When a vehicle catches fire in a crash, it can cause serious or fatal injuries. Victims who survive a vehicle fire may be permanently disabled or disfigured and face a lifetime of pain and suffering. When drivers or passengers die in a vehicle fire, surviving family members may be facing serious financial hardships along with the tragic loss of a loved one.
The highly combustible lithium batteries in electric vehicles (EVs) may combust spontaneously or catch fire after a collision. These fires burn at extremely high temperatures and they are very difficult to contain. EV batteries have caused building fires that resulted in death and serious injury.
The experienced Dallas personal injury attorneys at The Lenahan Law Firm have won millions of dollars in settlements for our clients. We have a perfect 10.0 rating from Avvo, and our firm has been recognized by Super Lawyers for providing our clients with outstanding service.
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- An estimated 212,500 vehicle fires caused 560 deaths and 1,500 injuries to U.S. civilians in a recent year, as reported by the National Fire Protection Association (NFPA).
- Vehicle fires caused 1.6 times as many deaths as apartment fires.
- Fires in vehicles account for 16% of the 1.3 million fires reported to fire departments in the U.S.
- Vehicle fires caused 15% of all civilian fire deaths and 10% of all civilian fire injuries.
- Only fires in one- and two-family homes claimed more lives than vehicle fires.
- Highway vehicle fires are most common from May through August, with the highest numbers in July.
- In a recent five-year period, car fires accounted for 65% of highway vehicle fires and caused an average 230 fire deaths and 694 fire injuries per year.
- A vehicle collision fire can cause severe burns from hot metal, hot coolant, steam, or flames. Third-degree burns may require multiple skin grafting procedures and cause permanent scarring or loss of a limb.
- Victims may suffer damage to the lungs and respiratory problems from exposure to toxic fumes as the vehicle burns.
- In the worst cases, when injuries are fatal, a vehicle fire caused by someone else’s negligence can lead to wrongful death.
According to NFPA, the leading causes of vehicle fires are mechanical failure or malfunction and electrical failure or malfunction. Older vehicles account for a sizable portion of vehicle fires with these causes. However, collisions are the leading cause of vehicle fires resulting in death. Large trucks have a higher rate of deaths from vehicle fires than highway vehicles overall.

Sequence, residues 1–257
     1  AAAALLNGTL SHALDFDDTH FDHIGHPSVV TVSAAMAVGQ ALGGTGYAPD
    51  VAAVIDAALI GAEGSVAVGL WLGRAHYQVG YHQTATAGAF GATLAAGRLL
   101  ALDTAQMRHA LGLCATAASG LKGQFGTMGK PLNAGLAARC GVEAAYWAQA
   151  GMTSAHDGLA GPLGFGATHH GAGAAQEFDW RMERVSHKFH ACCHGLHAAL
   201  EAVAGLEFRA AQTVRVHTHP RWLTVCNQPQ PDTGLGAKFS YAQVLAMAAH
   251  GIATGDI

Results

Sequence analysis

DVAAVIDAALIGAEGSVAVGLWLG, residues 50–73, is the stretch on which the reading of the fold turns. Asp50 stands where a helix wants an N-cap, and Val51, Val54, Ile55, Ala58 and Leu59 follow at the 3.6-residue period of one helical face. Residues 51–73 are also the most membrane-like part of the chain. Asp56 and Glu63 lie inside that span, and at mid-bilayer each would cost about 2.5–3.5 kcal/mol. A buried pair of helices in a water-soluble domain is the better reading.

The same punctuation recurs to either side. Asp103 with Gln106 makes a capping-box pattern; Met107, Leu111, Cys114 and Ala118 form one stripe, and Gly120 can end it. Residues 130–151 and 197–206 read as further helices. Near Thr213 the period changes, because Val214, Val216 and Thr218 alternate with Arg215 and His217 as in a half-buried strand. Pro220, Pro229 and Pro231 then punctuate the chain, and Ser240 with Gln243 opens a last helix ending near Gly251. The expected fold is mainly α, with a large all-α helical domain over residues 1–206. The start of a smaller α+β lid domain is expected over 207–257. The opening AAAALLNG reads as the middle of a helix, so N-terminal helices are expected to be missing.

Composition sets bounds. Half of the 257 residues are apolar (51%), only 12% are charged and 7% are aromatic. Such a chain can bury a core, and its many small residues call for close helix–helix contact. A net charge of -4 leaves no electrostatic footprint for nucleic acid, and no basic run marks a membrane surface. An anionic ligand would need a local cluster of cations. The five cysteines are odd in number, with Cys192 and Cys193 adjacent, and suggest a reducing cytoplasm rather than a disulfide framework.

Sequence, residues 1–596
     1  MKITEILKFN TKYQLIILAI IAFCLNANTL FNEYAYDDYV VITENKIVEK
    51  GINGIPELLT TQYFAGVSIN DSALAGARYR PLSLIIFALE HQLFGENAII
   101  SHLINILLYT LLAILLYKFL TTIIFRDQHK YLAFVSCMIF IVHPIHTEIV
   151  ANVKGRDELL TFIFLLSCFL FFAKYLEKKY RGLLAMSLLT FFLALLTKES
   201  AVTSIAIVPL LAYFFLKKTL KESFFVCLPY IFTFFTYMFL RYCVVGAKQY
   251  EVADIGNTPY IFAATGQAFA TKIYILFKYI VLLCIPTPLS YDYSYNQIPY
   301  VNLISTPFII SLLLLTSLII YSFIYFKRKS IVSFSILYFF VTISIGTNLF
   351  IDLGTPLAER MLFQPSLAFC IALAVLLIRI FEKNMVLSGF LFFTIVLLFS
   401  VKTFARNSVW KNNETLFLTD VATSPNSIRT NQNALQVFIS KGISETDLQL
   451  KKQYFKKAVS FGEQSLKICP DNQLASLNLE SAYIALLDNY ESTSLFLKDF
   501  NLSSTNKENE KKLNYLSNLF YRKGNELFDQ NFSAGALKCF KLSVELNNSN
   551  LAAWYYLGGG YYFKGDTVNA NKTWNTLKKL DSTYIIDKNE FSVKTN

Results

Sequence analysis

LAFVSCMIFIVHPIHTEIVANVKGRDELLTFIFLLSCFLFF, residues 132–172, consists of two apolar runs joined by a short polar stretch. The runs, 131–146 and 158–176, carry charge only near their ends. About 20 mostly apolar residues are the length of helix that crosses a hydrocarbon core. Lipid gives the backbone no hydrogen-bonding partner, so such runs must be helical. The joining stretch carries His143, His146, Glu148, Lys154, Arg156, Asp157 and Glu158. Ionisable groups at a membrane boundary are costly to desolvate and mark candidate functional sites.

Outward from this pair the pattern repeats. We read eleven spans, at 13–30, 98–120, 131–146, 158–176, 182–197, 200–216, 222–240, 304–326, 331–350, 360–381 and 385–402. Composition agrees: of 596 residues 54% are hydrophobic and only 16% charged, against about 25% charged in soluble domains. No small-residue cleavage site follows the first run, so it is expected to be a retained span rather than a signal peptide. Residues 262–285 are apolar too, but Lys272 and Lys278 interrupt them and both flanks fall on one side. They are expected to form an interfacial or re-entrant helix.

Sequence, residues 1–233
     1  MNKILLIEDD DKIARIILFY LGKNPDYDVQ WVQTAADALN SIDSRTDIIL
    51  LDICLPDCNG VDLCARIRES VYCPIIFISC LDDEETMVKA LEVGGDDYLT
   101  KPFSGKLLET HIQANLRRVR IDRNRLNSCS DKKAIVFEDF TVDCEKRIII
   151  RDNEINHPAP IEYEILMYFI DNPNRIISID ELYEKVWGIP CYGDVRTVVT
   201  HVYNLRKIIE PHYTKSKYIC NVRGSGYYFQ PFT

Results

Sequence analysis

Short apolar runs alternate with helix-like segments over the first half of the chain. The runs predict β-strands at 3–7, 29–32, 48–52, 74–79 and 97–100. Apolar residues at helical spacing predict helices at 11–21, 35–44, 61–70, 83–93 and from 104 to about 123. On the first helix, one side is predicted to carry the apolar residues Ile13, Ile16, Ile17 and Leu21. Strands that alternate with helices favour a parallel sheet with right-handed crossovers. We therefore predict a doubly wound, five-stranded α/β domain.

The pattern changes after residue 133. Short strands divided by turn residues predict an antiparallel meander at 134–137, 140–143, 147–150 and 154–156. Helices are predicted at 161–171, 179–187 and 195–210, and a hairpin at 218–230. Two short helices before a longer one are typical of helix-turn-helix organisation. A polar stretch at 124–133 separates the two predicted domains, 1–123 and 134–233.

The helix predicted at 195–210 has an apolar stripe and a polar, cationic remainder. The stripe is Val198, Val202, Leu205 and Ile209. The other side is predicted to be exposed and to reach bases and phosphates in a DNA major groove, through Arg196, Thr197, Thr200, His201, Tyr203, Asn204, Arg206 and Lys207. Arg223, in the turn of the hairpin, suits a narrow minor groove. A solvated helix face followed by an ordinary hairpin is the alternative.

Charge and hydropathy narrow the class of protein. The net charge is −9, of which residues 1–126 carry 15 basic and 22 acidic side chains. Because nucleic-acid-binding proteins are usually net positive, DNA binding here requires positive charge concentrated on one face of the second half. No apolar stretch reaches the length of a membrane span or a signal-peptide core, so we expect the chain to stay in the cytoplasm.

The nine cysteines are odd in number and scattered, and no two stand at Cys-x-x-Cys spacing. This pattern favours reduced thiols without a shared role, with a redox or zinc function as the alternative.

Traffic crash fires can result from:
- Punctured gas tanks
- Faulty EV batteries
- Fluid leaks
- Defects in the exhaust system
- Faulty electrical wiring
- Collision with a truck hauling flammable material
Many car owners who are concerned about the environmental impact of internal combustion engines are switching to electric vehicles. As a result of this trend, sales of Tesla EVs have grown astronomically in recent years.
Like many other new products, Tesla cars contain significant design and manufacturing flaws. One of the most notable problems with Tesla is their batteries, which are subject to spontaneously exploding into flames.
Tesla batteries may catch fire at any time, and when they do, they are extremely difficult to extinguish. It takes thousands of gallons to put out a Tesla battery fire, which burns at temperatures of almost 5,000 degrees Fahrenheit. Most fire departments are not equipped to deal with these fires.
Tesla battery fires may result from automobile crashes, or the batteries may erupt suddenly when the vehicle is parked or being charged. EV fires cause homes and buildings to burn down, resulting in death and severe injuries for occupants.
Spontaneous fires caused by EVs with defective batteries that occur in homes, parking garages, charging stations, and other building will quickly burn out of control. When these batteries ignite suddenly, unsuspecting victims may be killed in their sleep before the fire department has an opportunity to respond.
Due to a process called thermal runaway, EV batteries burn at very high temperatures, and they continue to burn after being doused with thousands of gallons of water. EV battery fires may be caused by:
- Design flaws
- Manufacturing defects
- Short circuits
- Physical damage
- Charging issues
- Water damage
- Cooling mechanism malfunction
If you have lost a loved one in a Dallas vehicle fire, you may have grounds for a wrongful death claim if death was caused by someone else’s negligence or recklessness. If a mechanical or electrical defect, such as an exploding gas tank or faulty wiring, caused the vehicle fire and the death of your loved one, you may have a wrongful death claim against the vehicle manufacturer or a parts manufacturer. If a negligent driver caused the crash and vehicle fire that killed your loved one, you may have a claim against the at-fault driver.
Our Dallas wrongful death attorneys at The Lenahan Law Firm will investigate the fatal accident to determine what caused it and who was responsible. We can help you seek justice for your loved one, hold responsible parties accountable, and pursue compensation for your family’s future in a wrongful death claim.
We have been fighting for the maximum compensation for our clients for more than two decades. Our firm has won multi-million dollar recoveries for clients in wrongful death cases. We have extensive experience handling motor vehicle accident wrongful death claims.
Our lawyers can take care of the legal action on behalf of your loved one while you grieve and recover from your loss. Contact us at (214) 295-1008 if you have lost a loved one in a vehicle fire. You may have a wrongful death claim for compensation.